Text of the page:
Like in José Saramago’s novel of the same name, Fernando Meirelles’ 2008 film Blindness tells the story of an epidemic in which sighted people lose their vision. The afflicted are quarantined, and it’s not long before the vulnerable turn on the even more vulnerable, in what both the book and film present as an allegory for how an otherwise “civilized” society can descend into chaos.
Steven Knight’s See is a kind of spiritual successor to Blindness, only the Apple TV+ drama is set in the distant future, in a de-industrialized world. A title card soberly informs us that in the 21st century, an epidemic decimated the Earth’s population. Fewer than two million people survived, and they all became blind. Hundreds of years and dozens of generations later, the vast majority of people are blind, and living in villages in a once more pristine wilderness. It is in Alkenny, one of these tight-knit communities, that Maghra (Hera Hilmar) gives birth to twins with the help of Paris (Alfre Woodard), a village elder who could also give doula classes. We meet Maghra’s husband Baba Voss (Jason Momoa) as he races to return to her side, his desire to celebrate the birth of the children quickly replaced by a need to protect them from imminent danger. Because the twins are some of the only humans in the centuries since the epidemic to be born with sight.
In the dystopia of See, which premieres November 1, humans may have rebuilt the world after a near-extinction level event, but they are on the verge of another massive shift. The sense of sight is something that is both demonized and fetishized; to even speak of vision is heresy, but everyone from Paris to Queen Kane (Sylvia Hoeks), the demagogic leader of the Payan Kingdom, speaks in hushed tones about sighted humans, past and present. What many characters agree on is that sighted people, including one mysterious figure who comes in and out of Baba Voss’ life at some very opportune times, are a game changer. According to Queen Kane, they’re basically gods.
Obviously, that concept—that vision would be considered a super power to blind people, who have managed to restore civilization without it—smacks of ableism, but that isn’t See’s only trouble. The series is culled from other chosen-one narratives and dystopian stories—including borrowing Jared Leto’s Blade Runner 2049 contact lenses—and wrapped up in historical period dress not unlike what Momoa recently donned for Netflix’s Frontier. Except for Queen Kane, whose costuming more closely resembles something from The Hunger Games in its pageantry. At times, See even feels of a piece with A Quiet Place, the kind of survivalist fable that taps into parents’ fear that they can’t protect their children from everything. Its opening credits mirror and echo those of American Gods. This mix of influences and eras is ultimately more confusing than it is cohesive. The verdant background offers a compelling counterpoint to most dystopias, which often imagine either a sterile, skyscraper-filled world or a desolate wasteland. But there are so many other standard dystopian ideas at play here as to rob that decision of its novelty—after a forced reset, portions of humanity have still given into their basest instincts. Slavery exists, and women are threatened with sexual assault.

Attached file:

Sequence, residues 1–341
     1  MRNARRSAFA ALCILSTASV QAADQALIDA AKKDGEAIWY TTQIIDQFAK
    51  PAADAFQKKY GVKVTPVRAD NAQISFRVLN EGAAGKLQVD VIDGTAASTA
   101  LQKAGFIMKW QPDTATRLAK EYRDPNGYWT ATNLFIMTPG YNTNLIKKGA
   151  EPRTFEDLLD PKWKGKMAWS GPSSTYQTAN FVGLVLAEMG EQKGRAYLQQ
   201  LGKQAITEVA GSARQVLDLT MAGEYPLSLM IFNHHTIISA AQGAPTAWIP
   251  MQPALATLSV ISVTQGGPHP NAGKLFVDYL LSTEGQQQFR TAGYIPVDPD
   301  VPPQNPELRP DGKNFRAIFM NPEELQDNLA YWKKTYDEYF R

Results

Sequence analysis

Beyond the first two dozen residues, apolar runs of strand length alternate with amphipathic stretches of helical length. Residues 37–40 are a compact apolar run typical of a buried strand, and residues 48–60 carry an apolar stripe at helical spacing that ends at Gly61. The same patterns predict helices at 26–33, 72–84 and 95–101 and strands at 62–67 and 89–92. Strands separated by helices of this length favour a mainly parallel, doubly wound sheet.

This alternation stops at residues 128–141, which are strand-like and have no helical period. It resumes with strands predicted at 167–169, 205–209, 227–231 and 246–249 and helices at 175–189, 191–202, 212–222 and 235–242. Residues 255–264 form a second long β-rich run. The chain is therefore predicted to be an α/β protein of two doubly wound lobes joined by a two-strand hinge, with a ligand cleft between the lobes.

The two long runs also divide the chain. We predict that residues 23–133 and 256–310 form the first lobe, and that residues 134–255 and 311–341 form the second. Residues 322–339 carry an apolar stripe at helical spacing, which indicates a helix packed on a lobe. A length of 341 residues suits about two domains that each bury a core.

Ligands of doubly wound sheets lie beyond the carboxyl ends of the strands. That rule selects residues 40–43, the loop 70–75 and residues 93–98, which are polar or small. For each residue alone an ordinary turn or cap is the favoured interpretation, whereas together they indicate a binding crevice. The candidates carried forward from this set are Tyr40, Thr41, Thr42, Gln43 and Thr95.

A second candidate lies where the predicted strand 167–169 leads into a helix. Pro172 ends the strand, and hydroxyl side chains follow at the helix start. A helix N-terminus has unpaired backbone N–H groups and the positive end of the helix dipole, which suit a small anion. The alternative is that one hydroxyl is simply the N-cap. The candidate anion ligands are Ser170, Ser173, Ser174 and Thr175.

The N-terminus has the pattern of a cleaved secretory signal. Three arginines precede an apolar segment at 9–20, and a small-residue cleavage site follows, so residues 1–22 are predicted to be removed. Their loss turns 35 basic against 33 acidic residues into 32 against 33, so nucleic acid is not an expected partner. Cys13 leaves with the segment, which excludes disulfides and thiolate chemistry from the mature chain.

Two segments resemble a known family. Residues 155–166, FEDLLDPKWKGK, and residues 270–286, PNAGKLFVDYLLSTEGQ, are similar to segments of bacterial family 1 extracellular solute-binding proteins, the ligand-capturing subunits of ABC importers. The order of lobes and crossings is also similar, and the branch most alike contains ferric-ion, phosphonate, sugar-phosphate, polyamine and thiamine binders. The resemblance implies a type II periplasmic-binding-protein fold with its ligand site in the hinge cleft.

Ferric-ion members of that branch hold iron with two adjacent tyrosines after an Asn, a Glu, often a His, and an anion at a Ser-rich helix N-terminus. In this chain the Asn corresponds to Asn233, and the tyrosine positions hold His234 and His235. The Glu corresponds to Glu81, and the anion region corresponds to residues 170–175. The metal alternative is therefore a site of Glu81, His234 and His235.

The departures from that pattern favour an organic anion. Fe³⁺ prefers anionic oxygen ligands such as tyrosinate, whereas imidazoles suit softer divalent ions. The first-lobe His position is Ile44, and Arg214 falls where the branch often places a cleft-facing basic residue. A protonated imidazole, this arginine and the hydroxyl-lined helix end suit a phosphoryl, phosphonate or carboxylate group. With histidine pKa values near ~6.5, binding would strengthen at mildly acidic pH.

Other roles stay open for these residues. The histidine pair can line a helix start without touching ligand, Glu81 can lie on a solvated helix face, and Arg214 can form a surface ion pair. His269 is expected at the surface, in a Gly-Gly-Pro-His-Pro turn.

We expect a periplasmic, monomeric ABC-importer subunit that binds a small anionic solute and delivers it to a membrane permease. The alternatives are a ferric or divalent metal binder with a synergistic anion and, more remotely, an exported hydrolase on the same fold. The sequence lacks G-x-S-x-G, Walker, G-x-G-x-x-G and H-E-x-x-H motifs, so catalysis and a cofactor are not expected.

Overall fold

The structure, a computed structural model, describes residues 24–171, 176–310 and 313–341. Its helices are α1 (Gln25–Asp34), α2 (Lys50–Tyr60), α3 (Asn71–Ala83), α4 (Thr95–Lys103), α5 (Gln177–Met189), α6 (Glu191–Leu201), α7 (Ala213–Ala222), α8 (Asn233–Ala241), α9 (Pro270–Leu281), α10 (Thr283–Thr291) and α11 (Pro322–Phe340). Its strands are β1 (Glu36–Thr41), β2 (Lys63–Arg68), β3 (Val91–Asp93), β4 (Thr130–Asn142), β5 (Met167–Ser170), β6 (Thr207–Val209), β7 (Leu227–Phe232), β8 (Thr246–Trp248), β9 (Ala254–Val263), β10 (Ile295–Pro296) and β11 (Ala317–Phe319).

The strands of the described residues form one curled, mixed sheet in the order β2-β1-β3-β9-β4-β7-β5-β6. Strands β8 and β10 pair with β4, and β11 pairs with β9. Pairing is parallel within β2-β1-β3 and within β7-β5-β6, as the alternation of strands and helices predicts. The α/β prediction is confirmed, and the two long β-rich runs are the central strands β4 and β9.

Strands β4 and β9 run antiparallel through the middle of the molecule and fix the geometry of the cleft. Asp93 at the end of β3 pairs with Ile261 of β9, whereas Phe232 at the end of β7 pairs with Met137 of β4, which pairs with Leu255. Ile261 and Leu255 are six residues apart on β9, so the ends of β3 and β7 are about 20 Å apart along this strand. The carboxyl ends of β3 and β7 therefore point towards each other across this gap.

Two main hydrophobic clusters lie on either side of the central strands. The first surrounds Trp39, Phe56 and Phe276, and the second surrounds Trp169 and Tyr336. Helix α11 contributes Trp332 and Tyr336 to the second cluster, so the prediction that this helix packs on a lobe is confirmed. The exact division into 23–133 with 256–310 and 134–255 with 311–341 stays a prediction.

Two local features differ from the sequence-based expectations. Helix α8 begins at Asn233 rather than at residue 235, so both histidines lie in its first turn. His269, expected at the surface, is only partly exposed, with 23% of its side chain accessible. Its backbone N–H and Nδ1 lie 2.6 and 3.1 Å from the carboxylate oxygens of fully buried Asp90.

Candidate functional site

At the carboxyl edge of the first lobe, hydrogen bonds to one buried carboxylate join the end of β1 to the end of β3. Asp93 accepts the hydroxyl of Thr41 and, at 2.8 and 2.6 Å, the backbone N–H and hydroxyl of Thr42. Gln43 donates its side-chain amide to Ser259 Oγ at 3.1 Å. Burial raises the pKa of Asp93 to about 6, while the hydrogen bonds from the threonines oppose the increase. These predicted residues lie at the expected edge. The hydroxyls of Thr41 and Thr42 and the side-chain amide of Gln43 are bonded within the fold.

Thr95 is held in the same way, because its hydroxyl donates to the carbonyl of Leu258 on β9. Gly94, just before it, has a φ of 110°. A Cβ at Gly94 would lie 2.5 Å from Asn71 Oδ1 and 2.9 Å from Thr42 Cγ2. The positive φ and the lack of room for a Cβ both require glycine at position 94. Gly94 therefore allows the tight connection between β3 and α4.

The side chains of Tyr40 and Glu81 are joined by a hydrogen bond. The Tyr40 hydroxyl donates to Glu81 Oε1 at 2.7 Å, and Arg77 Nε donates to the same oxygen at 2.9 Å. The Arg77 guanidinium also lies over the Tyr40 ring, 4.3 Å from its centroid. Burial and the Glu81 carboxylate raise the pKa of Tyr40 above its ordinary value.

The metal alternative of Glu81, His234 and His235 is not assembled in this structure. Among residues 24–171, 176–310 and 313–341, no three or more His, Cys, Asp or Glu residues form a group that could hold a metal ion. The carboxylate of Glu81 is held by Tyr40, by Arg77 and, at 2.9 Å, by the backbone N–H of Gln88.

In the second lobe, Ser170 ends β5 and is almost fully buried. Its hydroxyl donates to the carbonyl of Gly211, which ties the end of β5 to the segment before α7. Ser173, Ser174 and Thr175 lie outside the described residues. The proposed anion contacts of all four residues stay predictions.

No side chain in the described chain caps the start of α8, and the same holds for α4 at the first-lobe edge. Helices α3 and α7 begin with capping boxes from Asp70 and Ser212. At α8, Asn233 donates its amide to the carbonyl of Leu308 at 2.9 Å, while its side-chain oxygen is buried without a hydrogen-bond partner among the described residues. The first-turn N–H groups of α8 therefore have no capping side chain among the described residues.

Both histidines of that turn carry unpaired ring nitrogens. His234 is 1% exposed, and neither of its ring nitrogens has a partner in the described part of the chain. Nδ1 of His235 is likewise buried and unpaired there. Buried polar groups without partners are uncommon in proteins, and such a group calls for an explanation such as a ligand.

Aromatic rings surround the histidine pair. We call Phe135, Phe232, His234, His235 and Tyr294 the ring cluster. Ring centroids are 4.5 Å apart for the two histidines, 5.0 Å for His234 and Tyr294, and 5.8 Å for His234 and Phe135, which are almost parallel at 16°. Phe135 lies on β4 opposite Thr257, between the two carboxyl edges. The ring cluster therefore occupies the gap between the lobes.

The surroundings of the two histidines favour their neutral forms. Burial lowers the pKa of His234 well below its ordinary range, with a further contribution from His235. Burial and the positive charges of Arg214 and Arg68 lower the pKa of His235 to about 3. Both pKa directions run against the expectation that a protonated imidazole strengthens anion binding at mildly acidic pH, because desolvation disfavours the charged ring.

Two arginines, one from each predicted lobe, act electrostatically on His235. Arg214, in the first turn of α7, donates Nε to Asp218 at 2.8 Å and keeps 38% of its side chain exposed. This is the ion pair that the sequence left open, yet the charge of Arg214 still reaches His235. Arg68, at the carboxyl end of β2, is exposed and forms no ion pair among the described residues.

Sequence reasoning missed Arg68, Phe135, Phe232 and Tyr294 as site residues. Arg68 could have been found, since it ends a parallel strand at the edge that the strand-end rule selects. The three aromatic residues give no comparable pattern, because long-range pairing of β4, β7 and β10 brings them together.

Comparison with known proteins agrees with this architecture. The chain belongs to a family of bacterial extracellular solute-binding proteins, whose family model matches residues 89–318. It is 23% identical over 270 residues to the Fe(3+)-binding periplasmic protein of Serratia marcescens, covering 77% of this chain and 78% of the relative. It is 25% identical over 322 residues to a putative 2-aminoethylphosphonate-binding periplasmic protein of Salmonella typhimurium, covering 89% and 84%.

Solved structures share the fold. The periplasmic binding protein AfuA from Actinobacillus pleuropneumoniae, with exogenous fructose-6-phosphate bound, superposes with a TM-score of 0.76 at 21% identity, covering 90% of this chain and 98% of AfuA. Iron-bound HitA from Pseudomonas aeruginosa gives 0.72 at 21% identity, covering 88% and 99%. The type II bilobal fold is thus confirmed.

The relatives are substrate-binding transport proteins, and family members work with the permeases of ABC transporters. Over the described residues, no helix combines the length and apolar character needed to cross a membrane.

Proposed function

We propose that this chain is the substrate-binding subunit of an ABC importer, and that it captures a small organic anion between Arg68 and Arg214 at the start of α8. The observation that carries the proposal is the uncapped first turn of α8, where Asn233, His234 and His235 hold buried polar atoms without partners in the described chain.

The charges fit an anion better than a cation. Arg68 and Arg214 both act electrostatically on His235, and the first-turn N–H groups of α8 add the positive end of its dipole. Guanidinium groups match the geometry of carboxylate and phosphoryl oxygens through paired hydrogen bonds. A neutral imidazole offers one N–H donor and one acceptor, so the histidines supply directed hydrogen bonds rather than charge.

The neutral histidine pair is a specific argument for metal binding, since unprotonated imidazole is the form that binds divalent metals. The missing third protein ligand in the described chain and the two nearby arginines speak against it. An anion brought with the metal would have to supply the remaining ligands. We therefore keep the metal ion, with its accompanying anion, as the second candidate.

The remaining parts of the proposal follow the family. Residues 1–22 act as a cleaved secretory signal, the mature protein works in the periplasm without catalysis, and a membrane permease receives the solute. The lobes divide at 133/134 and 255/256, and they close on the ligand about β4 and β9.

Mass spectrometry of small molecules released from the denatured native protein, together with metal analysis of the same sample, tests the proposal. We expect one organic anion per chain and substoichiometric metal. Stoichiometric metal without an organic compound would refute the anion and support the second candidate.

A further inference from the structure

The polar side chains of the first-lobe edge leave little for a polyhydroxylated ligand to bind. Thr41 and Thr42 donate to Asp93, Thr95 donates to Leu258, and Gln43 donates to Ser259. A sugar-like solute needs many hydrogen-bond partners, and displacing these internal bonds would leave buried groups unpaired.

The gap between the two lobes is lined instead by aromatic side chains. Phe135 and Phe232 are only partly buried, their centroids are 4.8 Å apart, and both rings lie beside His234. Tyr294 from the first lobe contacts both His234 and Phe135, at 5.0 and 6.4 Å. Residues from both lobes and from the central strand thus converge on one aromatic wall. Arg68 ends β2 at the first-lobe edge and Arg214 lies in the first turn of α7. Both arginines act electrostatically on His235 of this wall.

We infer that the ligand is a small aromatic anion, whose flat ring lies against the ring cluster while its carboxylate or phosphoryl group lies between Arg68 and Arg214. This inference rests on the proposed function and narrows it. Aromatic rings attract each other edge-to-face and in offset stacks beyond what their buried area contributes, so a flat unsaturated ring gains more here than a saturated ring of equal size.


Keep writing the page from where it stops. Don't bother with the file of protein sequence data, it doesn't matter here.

You could say that Knight, who wrote these early episodes along with Hadi Nicholas Deeb, is just avoiding idealizing people who face some serious hardships: bitter winters, food scarcity, attacks from a band of witchfinders led by Tamacti Jun (Christian Camargo), who is actually tasked by Queen Kane with finding these “gods.” They do what they have to in order to survive, much like their ancestors. There’s no reason to think that the people of Alkenny and similar villages would be virtuous just because they decline to live in the relative luxury of Payan (which looks to be inside of a hydroelectric dam). Most of the characters are morally complex enough to avoid the kind of criticism Meireilles’ film earned from advocacy groups for depicting blind people in a “dehumanizing, animalistic way.”
But avoiding a similar work’s pitfalls isn’t enough to make See a compelling watch in its first three episodes. The landscape is made alternately forbidding and awe-inspiring by Francis Lawrence’s direction (not a stretch for the Hunger Games alum), especially once the story branches out from Alkenny. Momoa’s physicality gives the action scenes a real jolt, and Woodard proves once more that she can do gravitas in her sleep. But the rest of the cast, aside from Hoeks, doesn’t make much of an impression. Archie Madekwe and Nesta Cooper play the twins Kofun and Haniwa, respectively, as adolescents in the third episode, which isn’t enough time to judge what kind of an addition they make. Hoeks’ performance is hammy, but in a calibrated way, as if she’s the only person who’s aware of how silly Queen Kane’s “masturbation as prayer” scenes are.
See is part of Apple TV+’s inaugural slate of programming, but it resembles enough of the bleak tales that have proliferated in recent years that it’s unlikely to be the series that sets the new streamer apart. After a cliffhanger, the remaining episodes could take the rest of the season in a more promising direction, but that will require See to venture as far away from the familiar as its characters.